When he was done, she walked off the platform behind him and made her way to her car. She drove south down I-35 to San Antonio so that she could make it in time to see the protest rally at the Alamo. She wanted to see the crowd before it dissipated. She wanted to see more of her children finally throwing down the gauntlet and crying out in one voice "We will not go quietly, we will not vanish! We are Texans! We are Americans!"

As she made her way toward the Alamo she began hearing the cries of the people, their screaming for "no taxation without representation". She heard the speakers who gave their speeches for FOX news, such as Glenn Beck, and others. As she made her way into the area she saw the Alamo, standing still ever since that fateful day when she saw the carnage Santa Anna had left for her and the men who came to aid the men inside the Alamo. She could still smell the scorched flesh, the blood splattered on the walls; she could still feel the burning sensation inside her chest as blood came up out of her mouth and oozed over her chin from those men who died. It was as though it was yesterday and yet she knew it had been so very long ago.

Hot tears welled up in her light blue eyes, the color of the Texas sky in summer, as she gazed at the stone walls of the Alamo. For a moment she could see those monks who used to occupy it when it was freshly built, standing and watching the crowd with gentle eyes. Next to them were David Crockett and Jim Bowie, William Travis and more. They stood silent as they watched and those men who had braved such outrageous odds cheered with the crowd as once again they knew children of Texas stood up for what it means to be free against a corrupt government.

Hannah knew they stood there and knew it wasn't her imagination. She knew they were there as much as England himself knew his fairies were real. As she watched them she walked around the crowd and stood before the great walls of the Alamo, looking up at it and remembering so much and wishing that perhaps she could have been there to help them. But, in the end, she had been there with them. She was Texas and Texas had been there with those men fighting for her.

She felt a chill on her shoulder and looked over to the hand of a monk resting his hand on her shoulder. He smiled kindly at her and nodded toward her. He spoke English, though it was heavily accented as he said, "No matter what we will stand guard over this place. No matter what we will stand with these men who are as determined as we to guard it. It is a sacred place to us and a sacred place to them."

Hannah smiled gently at him and put her hand over his, his hand cold and almost nonexistent. "Thank you, my friend," she said softly and then felt his hand retreat as he walked away to join his brothers back inside the walls of the presidio.

Hannah then looked to the crowd and listened to Glenn Beck speak as she joined it. It was then that she saw a familiar head of blonde hair, looking up at the stage and smiling gently as though remembering different times. Worry was in his face as well, worry that it was all happening all over again the way he had seen it long ago.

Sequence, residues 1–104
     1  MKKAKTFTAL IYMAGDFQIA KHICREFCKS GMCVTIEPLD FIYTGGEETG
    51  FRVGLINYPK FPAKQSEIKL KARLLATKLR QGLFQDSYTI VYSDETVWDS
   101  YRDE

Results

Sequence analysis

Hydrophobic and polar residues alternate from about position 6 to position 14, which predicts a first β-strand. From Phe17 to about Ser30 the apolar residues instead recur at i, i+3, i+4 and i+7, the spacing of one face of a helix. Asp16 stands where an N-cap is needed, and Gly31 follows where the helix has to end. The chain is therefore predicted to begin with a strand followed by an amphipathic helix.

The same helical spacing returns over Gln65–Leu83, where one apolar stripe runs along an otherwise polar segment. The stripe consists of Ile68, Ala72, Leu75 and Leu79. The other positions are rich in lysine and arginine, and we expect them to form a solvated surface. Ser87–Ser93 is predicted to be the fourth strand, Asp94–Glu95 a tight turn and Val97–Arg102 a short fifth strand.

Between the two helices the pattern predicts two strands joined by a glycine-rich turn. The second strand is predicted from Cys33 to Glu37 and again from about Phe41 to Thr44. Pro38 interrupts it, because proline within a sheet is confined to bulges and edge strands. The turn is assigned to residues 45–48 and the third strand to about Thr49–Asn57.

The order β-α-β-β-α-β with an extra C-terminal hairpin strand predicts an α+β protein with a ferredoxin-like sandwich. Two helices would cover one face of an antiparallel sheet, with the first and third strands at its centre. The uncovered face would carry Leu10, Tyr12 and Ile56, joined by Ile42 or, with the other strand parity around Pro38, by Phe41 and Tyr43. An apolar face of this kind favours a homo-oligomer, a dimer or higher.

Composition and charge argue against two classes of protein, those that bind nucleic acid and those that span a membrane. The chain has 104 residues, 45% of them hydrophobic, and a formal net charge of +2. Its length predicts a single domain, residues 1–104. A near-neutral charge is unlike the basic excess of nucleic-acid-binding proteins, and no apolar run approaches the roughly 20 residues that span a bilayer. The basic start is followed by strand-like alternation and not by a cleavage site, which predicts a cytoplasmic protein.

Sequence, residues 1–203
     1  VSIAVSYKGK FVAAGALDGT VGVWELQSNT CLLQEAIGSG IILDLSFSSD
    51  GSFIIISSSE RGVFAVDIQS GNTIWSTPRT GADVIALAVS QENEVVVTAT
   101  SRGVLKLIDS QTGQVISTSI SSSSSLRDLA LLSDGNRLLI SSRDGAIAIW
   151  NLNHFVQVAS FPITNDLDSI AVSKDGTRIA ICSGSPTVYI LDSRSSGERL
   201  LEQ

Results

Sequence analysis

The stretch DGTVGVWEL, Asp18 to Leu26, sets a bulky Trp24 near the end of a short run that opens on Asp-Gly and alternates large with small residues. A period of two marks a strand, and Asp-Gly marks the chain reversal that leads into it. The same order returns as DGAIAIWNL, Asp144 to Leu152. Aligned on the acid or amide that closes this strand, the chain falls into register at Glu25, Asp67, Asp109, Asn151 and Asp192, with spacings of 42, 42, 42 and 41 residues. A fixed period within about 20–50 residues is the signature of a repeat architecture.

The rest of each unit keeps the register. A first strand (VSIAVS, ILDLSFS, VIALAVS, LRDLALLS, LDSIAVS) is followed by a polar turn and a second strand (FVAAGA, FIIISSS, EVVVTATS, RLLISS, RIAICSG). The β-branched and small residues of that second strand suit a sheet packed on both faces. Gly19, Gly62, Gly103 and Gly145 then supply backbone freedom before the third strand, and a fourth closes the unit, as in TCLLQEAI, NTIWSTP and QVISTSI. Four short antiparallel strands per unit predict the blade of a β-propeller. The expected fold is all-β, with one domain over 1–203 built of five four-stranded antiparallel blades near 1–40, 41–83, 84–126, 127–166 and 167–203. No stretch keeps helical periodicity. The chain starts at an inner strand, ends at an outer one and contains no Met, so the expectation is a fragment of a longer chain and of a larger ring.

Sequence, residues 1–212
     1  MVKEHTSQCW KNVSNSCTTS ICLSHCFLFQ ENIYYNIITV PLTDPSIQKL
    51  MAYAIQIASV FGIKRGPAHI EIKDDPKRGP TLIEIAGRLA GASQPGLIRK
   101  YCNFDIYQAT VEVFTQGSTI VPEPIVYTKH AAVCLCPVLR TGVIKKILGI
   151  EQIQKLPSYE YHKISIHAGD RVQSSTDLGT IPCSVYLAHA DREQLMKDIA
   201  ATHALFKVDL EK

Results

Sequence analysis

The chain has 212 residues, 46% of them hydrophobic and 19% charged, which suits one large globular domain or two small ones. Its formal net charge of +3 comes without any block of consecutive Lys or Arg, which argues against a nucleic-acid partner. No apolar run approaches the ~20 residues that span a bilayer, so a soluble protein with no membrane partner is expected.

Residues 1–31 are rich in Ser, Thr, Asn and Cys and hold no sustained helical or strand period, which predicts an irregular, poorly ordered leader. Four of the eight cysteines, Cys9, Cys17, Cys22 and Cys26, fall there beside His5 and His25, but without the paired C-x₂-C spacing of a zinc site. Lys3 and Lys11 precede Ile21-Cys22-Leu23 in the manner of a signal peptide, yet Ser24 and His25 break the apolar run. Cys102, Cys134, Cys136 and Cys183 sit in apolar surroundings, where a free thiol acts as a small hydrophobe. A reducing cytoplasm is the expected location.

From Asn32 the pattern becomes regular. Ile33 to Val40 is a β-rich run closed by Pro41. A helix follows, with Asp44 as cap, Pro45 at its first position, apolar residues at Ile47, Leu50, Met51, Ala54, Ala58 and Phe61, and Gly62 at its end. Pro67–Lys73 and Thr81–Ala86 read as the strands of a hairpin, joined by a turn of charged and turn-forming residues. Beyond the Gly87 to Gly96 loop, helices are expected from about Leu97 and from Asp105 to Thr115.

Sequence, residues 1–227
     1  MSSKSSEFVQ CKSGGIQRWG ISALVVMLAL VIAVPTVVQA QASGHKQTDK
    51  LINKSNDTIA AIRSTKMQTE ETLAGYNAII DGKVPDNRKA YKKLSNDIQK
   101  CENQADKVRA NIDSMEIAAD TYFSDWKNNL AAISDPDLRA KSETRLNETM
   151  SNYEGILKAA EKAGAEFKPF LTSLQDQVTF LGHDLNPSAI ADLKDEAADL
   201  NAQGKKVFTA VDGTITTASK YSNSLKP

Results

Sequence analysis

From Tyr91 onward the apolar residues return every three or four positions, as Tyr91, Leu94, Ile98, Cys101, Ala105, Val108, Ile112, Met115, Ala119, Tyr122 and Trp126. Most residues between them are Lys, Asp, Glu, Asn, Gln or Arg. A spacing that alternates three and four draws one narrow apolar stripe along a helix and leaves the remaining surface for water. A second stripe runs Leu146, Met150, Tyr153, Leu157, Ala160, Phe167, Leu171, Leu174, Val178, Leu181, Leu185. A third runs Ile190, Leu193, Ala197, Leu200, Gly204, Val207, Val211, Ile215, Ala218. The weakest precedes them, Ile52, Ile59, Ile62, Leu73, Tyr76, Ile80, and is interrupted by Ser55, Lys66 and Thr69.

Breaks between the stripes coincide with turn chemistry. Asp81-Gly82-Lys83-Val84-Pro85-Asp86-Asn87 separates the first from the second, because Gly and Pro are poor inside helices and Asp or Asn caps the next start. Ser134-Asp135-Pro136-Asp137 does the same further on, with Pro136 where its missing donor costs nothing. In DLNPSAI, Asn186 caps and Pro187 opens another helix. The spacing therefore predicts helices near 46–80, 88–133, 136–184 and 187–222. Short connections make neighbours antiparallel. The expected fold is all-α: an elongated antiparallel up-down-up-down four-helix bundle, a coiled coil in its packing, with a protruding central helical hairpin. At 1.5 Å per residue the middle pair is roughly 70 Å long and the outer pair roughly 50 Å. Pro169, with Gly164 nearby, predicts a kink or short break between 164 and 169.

"Alfred?" she said as loudly as she could so he could hear her over the crowd.

Alfred turned to her and smiled at her with his usually bright grin. "Hey, Hannah, I thought I might take a look at what was happening down here. I mean, I know they're all over the place, but here… I knew you'd probably be here to join them."

Hannah smiled gently toward Alfred and wrapped her arms around him, hugging him tightly for a moment before breaking away and walking away from the crowd with him so she could hear him easier. "I'm surprised you came here, Alfred, given how much you love Mr. Obama."

Alfred flinched slightly. "I don't love him," he said softly, "I had hope for him, though. And… really… that's all you can have when it comes to presidents, right?"

She rolled her eyes and sat down in the shade on the ground. He followed suit, frowning faintly at her reaction, though he was unsurprised. "He said exactly what he wanted to do and what he would do when he got into office, Alfred. You and everyone else simply didn't listen. If McCain hadn't thrown the race, which I suspect he did, he would never had gotten into the White House. Do you know what his little lapdogs are calling these good people out here, what he calls them?"

Alfred frowned and looked away. "Yeah, I do. Right wing radicals."

"Exactly. He and his little lapdogs in the rest of the news networks are calling these people something that would diminish their effect on the rest of the country, on the rest of the world," said Hannah sharply, "That isn't a president, that isn't a leader. That's a man who wants total control of the government and the people. That's a king. That's a dictator. I know it sounds familiar to you, Alfred, ever so much more it is to me."

"I know, Hannah," he said softly, "But I don't want another civil war, another 'revolution'. I don't want more fighting inside my borders."

"Who does?" said Hannah softly, looking off at the crowd.

Alfred stood in the line and marched with the rest of the American men toward the line of English men. Francis was not there, he was on one of the ships helping to alleviate from the sea the English terror that was scouring the land and taking away more and more American land. Across from him he saw the line of soldiers heading for him, cannon fire exploding the ground further down the line and near him. They would trade fire and then the order to fully attack was given and he charged into the battle, musket and bayonet going through men quickly.

And then a flash of blonde hair caught his eye. In the line was his twin brother Matthew Williams, Canada, and he was fighting beside the English men. Matt was always the shy, modest one in comparison to Alfred. To see him fighting the way he was, shouting and skewering a man in front of him with those blue eyes, the same eyes as Alfred's, glaring in fury. He was loyal to Arthur and would fight beside him if he was asked to.